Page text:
Chalk artists to decorate Market Street pavement

PARKERSBURG – “Chalk Chill” will be held this weekend on Market Street from Seventh to Fifth streets.

Professional artists, college students, high school students and elementary students will display their artistic talents by drawing on the Market Street pavement, said Ken Gilbert, a retired art teacher from Parkersburg High school. The artists will draw from morning to evening on Saturday and on Sunday when the festival will start after church.

Chalk Chill will be the first event to mark the city’s observance of the state of West Virginia’s sesquicentennial, Mayor Bob Newell said. West Virginia became a state by proclamation of Preident Lincoln on June 20, 1863, the only state created during the Civil War.

Market Street will be closed from Fifth to Seventh streets this weekend, Newell said.

The history of chalk street art may go back to 16th century Italy where the “madonnari” were vagabond artists known for a life of travel between festivals, living on the coins they received from passersby, Gilbert said. They were the visual artist counterpart of minstrels, he said.

The religious paintings were directly painted on the beaten earth or paved public squares, Gilbert said. Artists used chalk, brick, charcoal and colored stones as their medium, he said.

Thanks to the International Street Painting Festival in Grazie di Curatone in northern Italy, the madonnaris were revitalized in the 1970s and their art once again became a worldwide phenomenon. The tradition spread to London where the pavement artists were called screevers.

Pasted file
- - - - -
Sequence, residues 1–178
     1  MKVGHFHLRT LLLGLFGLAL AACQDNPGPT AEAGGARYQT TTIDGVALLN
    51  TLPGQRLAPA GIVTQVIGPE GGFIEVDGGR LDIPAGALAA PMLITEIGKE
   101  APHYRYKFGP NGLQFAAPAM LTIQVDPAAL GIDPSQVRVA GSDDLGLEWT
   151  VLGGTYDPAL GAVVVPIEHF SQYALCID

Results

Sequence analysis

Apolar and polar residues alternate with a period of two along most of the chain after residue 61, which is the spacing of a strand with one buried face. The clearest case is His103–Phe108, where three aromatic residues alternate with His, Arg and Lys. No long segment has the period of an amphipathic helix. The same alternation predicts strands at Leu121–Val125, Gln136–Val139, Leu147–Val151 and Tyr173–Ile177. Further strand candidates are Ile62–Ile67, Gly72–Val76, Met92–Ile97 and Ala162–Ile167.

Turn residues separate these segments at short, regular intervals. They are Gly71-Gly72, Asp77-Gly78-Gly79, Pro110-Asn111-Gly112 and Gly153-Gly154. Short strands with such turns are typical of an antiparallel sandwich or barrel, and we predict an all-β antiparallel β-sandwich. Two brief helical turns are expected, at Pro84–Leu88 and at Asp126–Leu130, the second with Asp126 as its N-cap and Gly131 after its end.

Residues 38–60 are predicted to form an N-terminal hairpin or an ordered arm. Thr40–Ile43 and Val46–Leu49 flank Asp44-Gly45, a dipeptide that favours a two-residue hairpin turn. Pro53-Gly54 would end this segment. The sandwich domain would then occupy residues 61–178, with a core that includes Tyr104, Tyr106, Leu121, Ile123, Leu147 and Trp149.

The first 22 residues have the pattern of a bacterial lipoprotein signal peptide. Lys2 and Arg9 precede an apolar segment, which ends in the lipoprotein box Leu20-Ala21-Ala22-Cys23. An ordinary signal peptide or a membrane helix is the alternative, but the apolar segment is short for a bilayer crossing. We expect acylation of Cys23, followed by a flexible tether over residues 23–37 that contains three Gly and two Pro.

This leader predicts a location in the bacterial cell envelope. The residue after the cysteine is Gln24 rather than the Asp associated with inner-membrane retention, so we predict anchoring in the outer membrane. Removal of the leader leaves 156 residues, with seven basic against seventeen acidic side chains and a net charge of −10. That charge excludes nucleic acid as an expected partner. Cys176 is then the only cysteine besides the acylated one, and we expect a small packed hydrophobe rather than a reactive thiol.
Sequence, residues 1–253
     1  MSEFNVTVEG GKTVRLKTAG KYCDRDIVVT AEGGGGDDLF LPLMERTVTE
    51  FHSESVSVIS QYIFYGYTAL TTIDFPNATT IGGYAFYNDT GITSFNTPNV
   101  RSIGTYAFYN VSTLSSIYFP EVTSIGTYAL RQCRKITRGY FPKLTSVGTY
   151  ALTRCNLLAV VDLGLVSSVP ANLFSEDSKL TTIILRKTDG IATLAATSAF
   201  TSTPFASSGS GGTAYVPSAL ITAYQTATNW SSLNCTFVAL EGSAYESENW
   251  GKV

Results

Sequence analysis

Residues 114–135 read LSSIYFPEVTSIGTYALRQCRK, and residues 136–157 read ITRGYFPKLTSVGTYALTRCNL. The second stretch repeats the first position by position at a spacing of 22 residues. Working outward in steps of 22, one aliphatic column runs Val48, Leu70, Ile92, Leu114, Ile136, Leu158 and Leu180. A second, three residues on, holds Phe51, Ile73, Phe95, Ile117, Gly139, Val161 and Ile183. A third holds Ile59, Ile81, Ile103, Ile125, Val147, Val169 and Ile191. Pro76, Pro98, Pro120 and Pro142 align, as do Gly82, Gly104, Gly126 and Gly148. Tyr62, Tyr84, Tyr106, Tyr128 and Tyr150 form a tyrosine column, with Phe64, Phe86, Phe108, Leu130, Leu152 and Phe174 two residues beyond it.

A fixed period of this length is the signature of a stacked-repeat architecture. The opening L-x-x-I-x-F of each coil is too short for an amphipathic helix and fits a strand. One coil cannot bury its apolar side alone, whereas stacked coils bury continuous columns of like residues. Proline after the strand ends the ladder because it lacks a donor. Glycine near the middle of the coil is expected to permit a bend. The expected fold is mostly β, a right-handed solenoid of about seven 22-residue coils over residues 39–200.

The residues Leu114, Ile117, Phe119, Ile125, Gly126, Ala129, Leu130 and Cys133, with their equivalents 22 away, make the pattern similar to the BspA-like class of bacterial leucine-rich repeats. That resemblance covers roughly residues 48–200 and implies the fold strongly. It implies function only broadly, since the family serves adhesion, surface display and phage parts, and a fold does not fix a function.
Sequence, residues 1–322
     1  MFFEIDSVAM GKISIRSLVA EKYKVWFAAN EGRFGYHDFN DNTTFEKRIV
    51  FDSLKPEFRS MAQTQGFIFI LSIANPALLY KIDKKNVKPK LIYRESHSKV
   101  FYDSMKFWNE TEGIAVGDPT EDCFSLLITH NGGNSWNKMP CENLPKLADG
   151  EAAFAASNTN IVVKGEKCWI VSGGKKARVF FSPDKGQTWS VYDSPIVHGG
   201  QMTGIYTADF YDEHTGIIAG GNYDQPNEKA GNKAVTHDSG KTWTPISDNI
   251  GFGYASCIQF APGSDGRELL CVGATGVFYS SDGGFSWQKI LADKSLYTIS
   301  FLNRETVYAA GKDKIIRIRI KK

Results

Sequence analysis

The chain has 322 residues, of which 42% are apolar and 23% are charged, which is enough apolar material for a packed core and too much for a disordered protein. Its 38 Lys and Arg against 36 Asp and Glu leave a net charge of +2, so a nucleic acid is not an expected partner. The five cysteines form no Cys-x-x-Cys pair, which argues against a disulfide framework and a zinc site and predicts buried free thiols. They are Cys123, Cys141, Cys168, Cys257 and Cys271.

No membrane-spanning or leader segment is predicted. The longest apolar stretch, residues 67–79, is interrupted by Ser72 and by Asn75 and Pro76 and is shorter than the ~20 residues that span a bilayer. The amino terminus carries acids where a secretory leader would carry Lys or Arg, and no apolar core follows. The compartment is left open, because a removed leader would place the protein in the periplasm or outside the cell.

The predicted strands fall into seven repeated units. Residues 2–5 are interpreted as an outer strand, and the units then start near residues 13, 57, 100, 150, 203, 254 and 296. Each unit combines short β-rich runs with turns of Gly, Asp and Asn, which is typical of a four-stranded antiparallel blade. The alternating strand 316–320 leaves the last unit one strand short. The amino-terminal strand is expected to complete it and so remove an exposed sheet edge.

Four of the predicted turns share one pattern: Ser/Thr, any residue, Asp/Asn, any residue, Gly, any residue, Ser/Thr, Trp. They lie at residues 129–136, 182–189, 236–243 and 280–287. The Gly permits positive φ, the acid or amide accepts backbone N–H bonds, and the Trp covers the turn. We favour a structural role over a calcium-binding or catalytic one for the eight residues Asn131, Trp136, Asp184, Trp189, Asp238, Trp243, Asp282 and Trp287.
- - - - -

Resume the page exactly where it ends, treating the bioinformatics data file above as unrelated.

In the early 1980s, the American artist Kurt Wenner introduced the Italian folk art to Santa Barbara, Calif., and became recognized as a “master street painter.” Wenner has started other festivals, including Pasadena’s Chalk Festival.

From 50 to 100 street painting festivals are held each year in the United States, Gilbert said.

Chalk Chill is free to participants, Gilbert said.

“We are asking those in attendance to bring coins to drop in the cans the artists will have beside their work as a show of appreciation of their skills,” Gilbert said.

It’s a good thing for Parkersburg, Newell said.

Newell said he got the idea last year while in Fort Wayne, Ind., and was impressed. Artists got a roughly 4-by-8 foot section of pavement, he said.

“I’ve seen them in other cities,” he said. “They’re professionally done.”